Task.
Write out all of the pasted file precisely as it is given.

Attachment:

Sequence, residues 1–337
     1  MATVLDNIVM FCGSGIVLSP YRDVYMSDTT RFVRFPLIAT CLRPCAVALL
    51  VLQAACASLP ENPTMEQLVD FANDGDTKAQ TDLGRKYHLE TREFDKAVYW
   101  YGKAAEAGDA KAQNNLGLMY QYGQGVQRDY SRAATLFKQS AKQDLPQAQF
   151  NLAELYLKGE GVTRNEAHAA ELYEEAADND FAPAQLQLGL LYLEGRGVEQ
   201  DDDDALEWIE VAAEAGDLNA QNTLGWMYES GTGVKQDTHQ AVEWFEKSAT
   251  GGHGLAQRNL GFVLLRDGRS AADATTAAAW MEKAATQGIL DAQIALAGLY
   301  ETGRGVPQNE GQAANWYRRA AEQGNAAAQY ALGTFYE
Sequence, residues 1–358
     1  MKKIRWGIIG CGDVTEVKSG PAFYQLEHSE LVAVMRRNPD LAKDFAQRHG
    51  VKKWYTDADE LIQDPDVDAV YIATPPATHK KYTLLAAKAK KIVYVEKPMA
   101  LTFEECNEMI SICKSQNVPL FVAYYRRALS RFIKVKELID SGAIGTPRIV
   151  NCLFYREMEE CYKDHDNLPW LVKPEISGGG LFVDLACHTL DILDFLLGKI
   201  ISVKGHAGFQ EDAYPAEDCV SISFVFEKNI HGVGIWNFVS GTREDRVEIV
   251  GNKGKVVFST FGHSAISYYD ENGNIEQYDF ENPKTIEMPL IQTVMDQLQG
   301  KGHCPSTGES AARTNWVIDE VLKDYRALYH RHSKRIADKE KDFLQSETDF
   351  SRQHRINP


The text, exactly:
Sequence, residues 1–337
     1  MATVLDNIVM FCGSGIVLSP YRDVYMSDTT RFVRFPLIAT CLRPCAVALL
    51  VLQAACASLP ENPTMEQLVD FANDGDTKAQ TDLGRKYHLE TREFDKAVYW
   101  YGKAAEAGDA KAQNNLGLMY QYGQGVQRDY SRAATLFKQS AKQDLPQAQF
   151  NLAELYLKGE GVTRNEAHAA ELYEEAADND FAPAQLQLGL LYLEGRGVEQ
   201  DDDDALEWIE VAAEAGDLNA QNTLGWMYES GTGVKQDTHQ AVEWFEKSAT
   251  GGHGLAQRNL GFVLLRDGRS AADATTAAAW MEKAATQGIL DAQIALAGLY
   301  ETGRGVPQNE GQAANWYRRA AEQGNAAAQY ALGTFYE
Sequence, residues 1–358
     1  MKKIRWGIIG CGDVTEVKSG PAFYQLEHSE LVAVMRRNPD LAKDFAQRHG
    51  VKKWYTDADE LIQDPDVDAV YIATPPATHK KYTLLAAKAK KIVYVEKPMA
   101  LTFEECNEMI SICKSQNVPL FVAYYRRALS RFIKVKELID SGAIGTPRIV
   151  NCLFYREMEE CYKDHDNLPW LVKPEISGGG LFVDLACHTL DILDFLLGKI
   201  ISVKGHAGFQ EDAYPAEDCV SISFVFEKNI HGVGIWNFVS GTREDRVEIV
   251  GNKGKVVFST FGHSAISYYD ENGNIEQYDF ENPKTIEMPL IQTVMDQLQG
   301  KGHCPSTGES AARTNWVIDE VLKDYRALYH RHSKRIADKE KDFLQSETDF
   351  SRQHRINP